I consult in IT at several Banks in SA and there the fad is to outsource to Indian companies to gain a "cost saving" of about 5% so that the CIO can get his 5-10mil bonus for "saving" a few 100k in year one. Unfortunately this "saving" disappears after year two as the escalation he/she agreed to with these companies (and the term involved is usually 5 years +). No bother. CIO makes more empty promises and then leaves, just to do the same at the next company. There is a serious lack of vision within SA's senior management. To gain a quick buck in their own pockets they're the ones causing the skills shortages in SA, making their companies reliant on foreigners. I've tried to get a 'local' (BEE) in at no cost just to gain some experience - not one company is willing to allow that. I would call on govt to investigate the amount of foreigners in SA's banking sector. And yes - there are local skills. Make work visa's more difficult to obtain and reward companies that employ locals.
Crfeate jobs by fixing the roads the state they are in should keep a couple people busy for a long time
The question arises as to who pays for the above developments ? It is easy to allocate a budget amount but can SA afford the expenditure. We still have to sort out who pays for the Gauteng road developments that created many welcome jobs.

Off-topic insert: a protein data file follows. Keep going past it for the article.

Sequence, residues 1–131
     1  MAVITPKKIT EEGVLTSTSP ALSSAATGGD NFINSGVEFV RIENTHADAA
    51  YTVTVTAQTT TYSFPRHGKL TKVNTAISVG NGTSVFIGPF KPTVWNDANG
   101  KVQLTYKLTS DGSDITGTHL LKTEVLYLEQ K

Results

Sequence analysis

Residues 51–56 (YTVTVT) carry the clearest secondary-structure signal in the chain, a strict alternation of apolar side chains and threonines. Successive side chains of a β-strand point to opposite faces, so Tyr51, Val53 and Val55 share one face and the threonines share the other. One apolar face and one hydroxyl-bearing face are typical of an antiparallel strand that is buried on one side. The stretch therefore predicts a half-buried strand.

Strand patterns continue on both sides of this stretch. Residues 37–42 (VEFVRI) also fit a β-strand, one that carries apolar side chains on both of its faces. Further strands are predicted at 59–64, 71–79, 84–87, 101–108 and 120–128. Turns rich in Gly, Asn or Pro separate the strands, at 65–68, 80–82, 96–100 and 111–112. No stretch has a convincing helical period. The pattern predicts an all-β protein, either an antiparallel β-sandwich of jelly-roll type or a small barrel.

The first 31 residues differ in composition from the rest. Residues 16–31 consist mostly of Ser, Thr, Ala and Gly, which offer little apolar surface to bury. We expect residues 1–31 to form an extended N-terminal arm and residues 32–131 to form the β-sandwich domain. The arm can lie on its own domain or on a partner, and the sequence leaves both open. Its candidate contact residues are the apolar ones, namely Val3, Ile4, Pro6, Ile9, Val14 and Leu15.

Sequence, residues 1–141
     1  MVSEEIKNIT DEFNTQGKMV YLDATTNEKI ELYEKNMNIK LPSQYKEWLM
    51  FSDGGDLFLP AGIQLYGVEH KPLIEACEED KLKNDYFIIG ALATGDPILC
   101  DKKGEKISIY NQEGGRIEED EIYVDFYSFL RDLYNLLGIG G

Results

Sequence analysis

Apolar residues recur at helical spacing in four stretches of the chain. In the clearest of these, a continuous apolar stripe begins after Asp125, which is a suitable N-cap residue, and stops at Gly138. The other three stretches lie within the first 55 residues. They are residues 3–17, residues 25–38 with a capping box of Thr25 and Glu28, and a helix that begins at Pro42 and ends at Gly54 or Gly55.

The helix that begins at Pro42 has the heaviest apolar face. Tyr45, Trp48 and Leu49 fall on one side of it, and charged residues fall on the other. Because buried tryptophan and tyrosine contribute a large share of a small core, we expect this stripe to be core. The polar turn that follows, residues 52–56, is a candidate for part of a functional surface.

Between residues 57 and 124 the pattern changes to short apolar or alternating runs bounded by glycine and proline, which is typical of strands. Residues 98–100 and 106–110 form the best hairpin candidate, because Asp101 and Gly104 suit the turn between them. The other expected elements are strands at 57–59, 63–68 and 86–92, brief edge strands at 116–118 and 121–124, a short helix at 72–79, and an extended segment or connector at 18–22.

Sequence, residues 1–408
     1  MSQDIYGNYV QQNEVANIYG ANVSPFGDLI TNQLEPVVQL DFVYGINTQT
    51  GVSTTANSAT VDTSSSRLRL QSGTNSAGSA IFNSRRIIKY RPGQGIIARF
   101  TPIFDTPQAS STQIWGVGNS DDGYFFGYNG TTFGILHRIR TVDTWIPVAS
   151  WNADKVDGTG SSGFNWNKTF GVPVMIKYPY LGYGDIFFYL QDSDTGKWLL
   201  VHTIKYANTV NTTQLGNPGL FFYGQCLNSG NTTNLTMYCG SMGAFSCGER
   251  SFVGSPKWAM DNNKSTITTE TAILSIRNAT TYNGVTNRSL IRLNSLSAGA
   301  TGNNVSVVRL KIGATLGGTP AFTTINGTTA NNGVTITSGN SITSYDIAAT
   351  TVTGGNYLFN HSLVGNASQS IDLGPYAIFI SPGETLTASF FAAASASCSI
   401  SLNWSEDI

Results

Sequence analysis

@Sceptic Kindly explain how the eNaTIS is "wasting taxpayers money" ?
Lets not forget that hundreds of thousands of jobs will be lost WHEN the mines are Nationalised. Anglo American already stated that it will not be feasible for them to continue in SA.
Mr Patel what about all the unskilled workers in this country who require, just normal labour work, whats going to happen to them. Our 30 -60 year old parents who still have children in school who do not have the education in IT etc, who is going to creat jobs for them?
Ag PLEAAASEE!! And how many will be fired for incompetence 3 months down the line. Since lowering the matric standards, they can’t spell, do basic maths or read. IT is a specialist skill, and if you do not have the drive or passion you will fail in IT. Please explain the concept of creating jobs? If you have a1000 hectare farm and employ 20 farm workers, you can’t now suddenly hire 10 more – if there is no more work to be done, there is no more work OR are they now all going to work half day?